Simple Tensegrity Tower
A simple three-X tensegrity tower made from 3D printed parts
Tensegrity principles (see Wiki link below) combine tension and compression forces to create fascinating structures. The name was first used by Richard Buckminster Fuller. Tensegrity is important in such diverse areas such as skeletal systems, cellular interactions and inter-atomic interactions in molecules. In the very simple design shown here I have used three X's arranged one above the other. You could of course extend the idea to as many X's as you like. Fishing line cords are then used to space, tension and position the X's. If the tension elements (in this case the fishing line) are made very thin the solid pieces of the structure seem to hover in the air. The basic idea can be seen in Snelsons 1948 design in the wiki link below.
The X's and base are 3D printed - the files can be downloaded below. I have also designed a base for the tower (the bottom X simply plugs into the slots). To make the tower simply print out as many X's you want your tower to be made of and then print out the base. Each X has nine holes: two on the end of each arm and one at the center. The two holes at the end of each arm are at right angles to help thread the various lines.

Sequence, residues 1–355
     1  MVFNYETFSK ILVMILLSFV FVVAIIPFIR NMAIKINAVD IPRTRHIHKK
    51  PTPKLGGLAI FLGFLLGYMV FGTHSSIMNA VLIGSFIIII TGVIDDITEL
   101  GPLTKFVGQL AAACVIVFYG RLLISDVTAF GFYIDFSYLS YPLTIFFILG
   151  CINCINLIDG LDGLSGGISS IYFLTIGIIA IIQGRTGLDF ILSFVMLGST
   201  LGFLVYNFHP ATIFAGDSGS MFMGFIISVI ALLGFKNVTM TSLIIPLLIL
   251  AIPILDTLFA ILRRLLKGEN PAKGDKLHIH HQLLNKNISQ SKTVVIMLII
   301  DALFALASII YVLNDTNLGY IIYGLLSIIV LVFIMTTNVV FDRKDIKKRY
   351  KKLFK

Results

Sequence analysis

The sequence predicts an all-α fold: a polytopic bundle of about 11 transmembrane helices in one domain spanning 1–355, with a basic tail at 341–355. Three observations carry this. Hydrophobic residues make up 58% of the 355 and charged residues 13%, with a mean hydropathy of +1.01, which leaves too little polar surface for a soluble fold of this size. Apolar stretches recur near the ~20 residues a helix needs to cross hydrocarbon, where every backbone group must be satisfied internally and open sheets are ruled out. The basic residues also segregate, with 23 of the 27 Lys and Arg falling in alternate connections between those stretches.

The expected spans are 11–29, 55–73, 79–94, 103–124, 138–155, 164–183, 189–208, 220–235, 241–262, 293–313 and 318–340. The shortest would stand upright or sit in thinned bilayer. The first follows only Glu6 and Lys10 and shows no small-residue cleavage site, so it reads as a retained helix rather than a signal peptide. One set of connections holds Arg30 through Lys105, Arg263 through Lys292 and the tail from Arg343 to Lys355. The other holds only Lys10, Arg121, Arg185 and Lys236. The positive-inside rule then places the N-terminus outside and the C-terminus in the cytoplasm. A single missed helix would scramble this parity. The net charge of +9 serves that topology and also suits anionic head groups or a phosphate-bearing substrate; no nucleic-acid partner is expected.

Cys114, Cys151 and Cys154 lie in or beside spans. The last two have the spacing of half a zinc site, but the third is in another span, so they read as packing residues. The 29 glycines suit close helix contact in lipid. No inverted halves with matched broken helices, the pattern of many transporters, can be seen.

Starting with the first X attached to the base, we pass the fishing line through the holes so that you create a square around the X. Now, instead of simply completing the square at the top, pass the lines through the hole in the middle of the second X, which will go above the first (it will be twisted 90 degrees to the first). Of course these lines will not hold this second X in place (it will just fall down) so we also need to attach lines from the top pair of arms of the first X to the bottom arms of the second X. If we continue in this way, through the structure we will be able to create a simple tensegrity tower. I know these notes are very brief, but I hope you will be able to see how the lines attach from one X to another so that a structure is formed. As you tighten the lines the structure will become rigid (it needs a bit of patience). Once the X's are aligned correctly you can glue the lines going through the central holes of each X piece.
The amount of loading you can place on top of the tower will depend on the strength of the fishing lines and how accuratly you have balanced the forces (tension on the lines) on the whole structure.
I was surprised how rigid the structure becomes ... to see what I mean pick up the tower by the top X and try twisting and rotating it ....
Left: close-up of a base foot that secures one arm of the X. Right: an X-piece just printed-out on the 3D printer.
THE CREATIVE SCIENCE CENTRE
Dr Jonathan Hare University of Sussex, Brighton.
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